Major General Roger Cloutier Jr. speaks during a press briefing at the Pentagon in Washington, DC, on May 10, 2018. ( AFP / JIM WATSON)

Senior US military officer was not captured by Russian forces in Ukraine

Copyright AFP 2017-2022. All rights reserved.

As Russian strikes pounded the besieged port city of Mariupol in Ukraine, Facebook posts shared in various languages claimed US General Roger L. Cloutier was captured by Russian forces there. However, NATO said the rumour was "completely false" and that Cloutier, who leads NATO's Allied Land Command, had not been to Ukraine since July 2021. Cloutier was in Turkey when the false claims about his whereabouts circulated online.

"There are rumours that Major General Roger L. Cloutier Jr, commander of the United States Army Africa (what is the commander of the United States Army Africa doing in Ukraine?) was captured in Mariupol, where he was helping to command Azov forces," reads a Thai Facebook post shared on April 7.

"It was reported that he was caught attempting to leave Mariupol disguised as a villager," it adds.

Cloutier heads NATO's Allied Land Command and previously commanded the US Army Africa and Southern Europe Task Force.

The Azov Regiment, which is entrenched in Mariupol, has been at the heart of the propaganda war between Ukraine and Russia, as Moscow claims to seek the "denazification" of its pro-Western neighbour.

Created in 2014 by far-right activists, the regiment initially displayed emblems such as the "Wolfsangel" (wolf hook) that is associated with Nazi Germany. It has since been integrated into Ukraine's national guard, and experts say it has been "de-ideologised".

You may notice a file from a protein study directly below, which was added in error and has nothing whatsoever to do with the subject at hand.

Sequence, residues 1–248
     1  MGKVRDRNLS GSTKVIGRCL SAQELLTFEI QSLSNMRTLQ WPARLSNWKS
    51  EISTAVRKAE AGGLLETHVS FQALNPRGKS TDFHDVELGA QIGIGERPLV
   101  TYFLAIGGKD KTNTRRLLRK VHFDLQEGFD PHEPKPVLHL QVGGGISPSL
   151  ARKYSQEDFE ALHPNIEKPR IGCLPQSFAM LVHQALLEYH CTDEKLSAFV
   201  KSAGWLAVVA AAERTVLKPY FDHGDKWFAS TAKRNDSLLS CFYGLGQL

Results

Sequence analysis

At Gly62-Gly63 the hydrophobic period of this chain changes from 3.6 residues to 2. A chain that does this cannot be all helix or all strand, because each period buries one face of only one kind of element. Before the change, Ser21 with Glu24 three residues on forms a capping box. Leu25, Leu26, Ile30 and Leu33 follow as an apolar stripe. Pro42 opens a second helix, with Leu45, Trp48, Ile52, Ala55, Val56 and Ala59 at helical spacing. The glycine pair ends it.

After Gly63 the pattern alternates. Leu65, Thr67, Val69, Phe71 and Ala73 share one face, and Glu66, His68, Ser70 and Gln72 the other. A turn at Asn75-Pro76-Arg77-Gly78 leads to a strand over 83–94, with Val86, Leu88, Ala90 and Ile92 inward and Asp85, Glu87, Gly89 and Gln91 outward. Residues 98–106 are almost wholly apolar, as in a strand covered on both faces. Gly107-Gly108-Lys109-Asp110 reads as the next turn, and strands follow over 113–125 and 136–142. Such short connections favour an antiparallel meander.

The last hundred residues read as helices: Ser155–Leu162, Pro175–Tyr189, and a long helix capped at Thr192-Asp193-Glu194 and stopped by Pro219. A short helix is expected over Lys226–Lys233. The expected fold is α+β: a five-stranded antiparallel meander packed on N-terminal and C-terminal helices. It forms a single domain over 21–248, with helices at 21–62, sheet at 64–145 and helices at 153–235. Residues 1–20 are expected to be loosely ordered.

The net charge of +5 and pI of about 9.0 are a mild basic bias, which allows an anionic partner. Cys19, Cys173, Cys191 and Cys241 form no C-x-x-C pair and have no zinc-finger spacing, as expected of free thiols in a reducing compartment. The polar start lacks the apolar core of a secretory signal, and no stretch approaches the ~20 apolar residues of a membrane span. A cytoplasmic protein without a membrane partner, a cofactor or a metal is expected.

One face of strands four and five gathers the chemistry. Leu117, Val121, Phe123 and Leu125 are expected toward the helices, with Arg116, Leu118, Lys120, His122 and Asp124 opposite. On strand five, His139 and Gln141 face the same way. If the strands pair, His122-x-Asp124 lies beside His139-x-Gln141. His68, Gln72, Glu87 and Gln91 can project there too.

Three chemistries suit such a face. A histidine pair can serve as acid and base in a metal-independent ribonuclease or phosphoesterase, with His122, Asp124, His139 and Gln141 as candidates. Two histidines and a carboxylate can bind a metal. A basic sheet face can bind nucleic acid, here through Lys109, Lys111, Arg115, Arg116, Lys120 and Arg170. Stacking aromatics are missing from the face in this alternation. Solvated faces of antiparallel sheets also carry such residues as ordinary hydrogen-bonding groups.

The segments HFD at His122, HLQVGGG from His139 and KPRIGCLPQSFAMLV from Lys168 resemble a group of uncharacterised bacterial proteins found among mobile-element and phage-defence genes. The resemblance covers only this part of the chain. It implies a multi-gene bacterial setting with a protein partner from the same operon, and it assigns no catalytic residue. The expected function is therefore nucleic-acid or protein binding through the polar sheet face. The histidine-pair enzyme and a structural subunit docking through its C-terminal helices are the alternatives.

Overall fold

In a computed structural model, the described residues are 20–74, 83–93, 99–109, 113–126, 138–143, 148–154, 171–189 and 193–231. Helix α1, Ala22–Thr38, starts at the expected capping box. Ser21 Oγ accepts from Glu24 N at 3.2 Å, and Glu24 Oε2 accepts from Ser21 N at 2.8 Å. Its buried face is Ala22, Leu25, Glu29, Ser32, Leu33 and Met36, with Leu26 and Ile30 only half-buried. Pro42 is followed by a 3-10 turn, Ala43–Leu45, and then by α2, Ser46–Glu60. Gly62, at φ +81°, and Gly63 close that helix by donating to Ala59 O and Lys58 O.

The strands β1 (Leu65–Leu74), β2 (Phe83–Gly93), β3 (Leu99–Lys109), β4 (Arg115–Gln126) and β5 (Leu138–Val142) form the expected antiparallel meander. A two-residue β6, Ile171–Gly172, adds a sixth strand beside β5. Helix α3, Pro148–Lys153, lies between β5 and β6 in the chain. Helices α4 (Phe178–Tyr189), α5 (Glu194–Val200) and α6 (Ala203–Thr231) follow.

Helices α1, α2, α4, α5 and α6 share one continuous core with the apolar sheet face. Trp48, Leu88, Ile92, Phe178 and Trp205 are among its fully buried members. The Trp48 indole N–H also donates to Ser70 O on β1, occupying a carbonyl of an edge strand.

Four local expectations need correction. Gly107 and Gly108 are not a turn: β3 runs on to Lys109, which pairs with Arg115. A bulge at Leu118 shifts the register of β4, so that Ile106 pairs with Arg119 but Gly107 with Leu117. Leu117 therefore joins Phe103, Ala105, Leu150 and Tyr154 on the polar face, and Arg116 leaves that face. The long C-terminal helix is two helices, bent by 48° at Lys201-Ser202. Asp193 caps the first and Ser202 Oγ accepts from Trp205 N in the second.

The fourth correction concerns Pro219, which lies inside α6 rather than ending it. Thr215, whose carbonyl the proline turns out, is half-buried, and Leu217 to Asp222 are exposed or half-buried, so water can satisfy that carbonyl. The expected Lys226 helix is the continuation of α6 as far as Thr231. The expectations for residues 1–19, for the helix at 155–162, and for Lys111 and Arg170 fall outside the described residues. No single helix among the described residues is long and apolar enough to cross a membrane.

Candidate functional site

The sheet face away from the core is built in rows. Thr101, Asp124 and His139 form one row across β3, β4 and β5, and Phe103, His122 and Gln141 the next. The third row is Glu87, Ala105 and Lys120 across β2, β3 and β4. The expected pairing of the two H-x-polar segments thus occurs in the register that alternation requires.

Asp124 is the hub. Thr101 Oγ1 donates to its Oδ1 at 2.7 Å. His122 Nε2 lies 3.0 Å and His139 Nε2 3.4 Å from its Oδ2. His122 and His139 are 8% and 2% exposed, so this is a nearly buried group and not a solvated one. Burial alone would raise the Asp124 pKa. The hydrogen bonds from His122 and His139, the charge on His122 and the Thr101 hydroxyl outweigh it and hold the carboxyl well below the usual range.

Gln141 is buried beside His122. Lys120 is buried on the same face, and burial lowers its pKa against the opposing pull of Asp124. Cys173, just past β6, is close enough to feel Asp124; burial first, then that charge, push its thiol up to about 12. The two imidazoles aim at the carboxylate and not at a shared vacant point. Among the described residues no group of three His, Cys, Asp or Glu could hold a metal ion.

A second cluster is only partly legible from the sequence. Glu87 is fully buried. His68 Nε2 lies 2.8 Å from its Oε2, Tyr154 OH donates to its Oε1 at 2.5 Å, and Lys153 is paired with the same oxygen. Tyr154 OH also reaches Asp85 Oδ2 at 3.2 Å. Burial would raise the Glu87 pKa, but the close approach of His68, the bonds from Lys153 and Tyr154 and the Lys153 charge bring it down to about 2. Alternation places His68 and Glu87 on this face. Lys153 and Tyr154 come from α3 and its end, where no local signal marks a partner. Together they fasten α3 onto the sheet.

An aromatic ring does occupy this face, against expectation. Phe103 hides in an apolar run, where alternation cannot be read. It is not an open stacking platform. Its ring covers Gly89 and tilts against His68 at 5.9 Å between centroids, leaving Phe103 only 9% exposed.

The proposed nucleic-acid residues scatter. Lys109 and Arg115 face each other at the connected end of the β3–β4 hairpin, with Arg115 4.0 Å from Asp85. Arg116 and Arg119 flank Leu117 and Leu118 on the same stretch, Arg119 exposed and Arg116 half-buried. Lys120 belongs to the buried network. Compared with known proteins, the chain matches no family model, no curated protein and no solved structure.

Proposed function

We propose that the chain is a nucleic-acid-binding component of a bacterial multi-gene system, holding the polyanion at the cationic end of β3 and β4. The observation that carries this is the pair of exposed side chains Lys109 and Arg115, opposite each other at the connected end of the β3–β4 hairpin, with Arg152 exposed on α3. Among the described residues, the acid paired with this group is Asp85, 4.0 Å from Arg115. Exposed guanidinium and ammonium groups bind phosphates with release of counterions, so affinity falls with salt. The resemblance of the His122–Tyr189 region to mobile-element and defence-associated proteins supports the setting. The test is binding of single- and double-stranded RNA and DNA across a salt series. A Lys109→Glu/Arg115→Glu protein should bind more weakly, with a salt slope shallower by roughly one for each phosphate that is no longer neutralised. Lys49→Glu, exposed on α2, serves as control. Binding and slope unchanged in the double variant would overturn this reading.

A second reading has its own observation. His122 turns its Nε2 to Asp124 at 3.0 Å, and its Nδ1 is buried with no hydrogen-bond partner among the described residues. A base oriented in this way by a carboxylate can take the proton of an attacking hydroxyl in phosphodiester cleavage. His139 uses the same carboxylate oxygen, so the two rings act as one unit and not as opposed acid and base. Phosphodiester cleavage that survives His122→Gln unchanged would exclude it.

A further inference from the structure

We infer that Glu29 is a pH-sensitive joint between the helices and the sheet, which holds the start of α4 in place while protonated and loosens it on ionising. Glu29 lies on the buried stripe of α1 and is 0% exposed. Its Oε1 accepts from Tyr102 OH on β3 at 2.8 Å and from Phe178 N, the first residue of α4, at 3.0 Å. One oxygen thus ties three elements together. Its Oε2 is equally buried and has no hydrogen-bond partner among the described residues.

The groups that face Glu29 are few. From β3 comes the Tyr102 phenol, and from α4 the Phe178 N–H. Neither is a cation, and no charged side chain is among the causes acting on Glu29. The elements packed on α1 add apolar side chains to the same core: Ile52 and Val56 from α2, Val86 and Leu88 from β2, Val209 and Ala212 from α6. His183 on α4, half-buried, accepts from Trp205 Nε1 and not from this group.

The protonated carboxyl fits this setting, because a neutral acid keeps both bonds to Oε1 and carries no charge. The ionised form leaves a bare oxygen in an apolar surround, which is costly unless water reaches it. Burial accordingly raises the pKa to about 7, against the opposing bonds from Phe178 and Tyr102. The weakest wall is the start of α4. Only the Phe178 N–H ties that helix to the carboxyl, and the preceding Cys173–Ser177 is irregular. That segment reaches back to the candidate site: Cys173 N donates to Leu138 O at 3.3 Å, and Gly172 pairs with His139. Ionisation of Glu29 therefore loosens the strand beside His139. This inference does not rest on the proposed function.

A screenshot of the misleading Facebook post, taken on April 13, 2022.

Similar Facebook posts circulating in various languages, including English and French.

Ukrainian President Volodymyr Zelensky estimated tens of thousands of civilians have been killed in Russia's bloody siege of Mariupol, a strategic port city in the southeast between Russia-occupied Crimea and pro-Russian separatist regions in Ukraine's east.

NATO denial

However, the Facebook posts are incorrect.

"These claims are completely false," a representative for the headquarters of NATO's Allied Command Operations, the Supreme Headquarters Allied Powers Europe (SHAPE) told AFP.

The spokesperson said Cloutier last visited Ukraine in July 2021, when he attended talks in the capital Kyiv aimed at strengthening NATO's partnership with Ukrainian forces.

According to social media posts, Cloutier was in Turkey as the false rumour about his capture in Ukraine spread online.

Cloutier shared a photo on LinkedIn on April 5 showing him speaking at a NATO event in the Turkish city of Izmir, where the political and military alliance's Allied Land Command is based.

NATO's Alliance Land Command posted the same photo on Facebook on that day.

On April 6, Cloutier replied to a comment from a LinkedIn user asking about rumours of his detention in Ukraine.

"These rumors are completely false," he wrote.

A screenshot of Cloutier's reply on LinkedIn, taken on April 11, 2022.

US fact-checking agency PolitiFact also debunked this claim.

AFP has debunked a wave of misinformation surrounding the conflict in Ukraine.

Ukraine conflict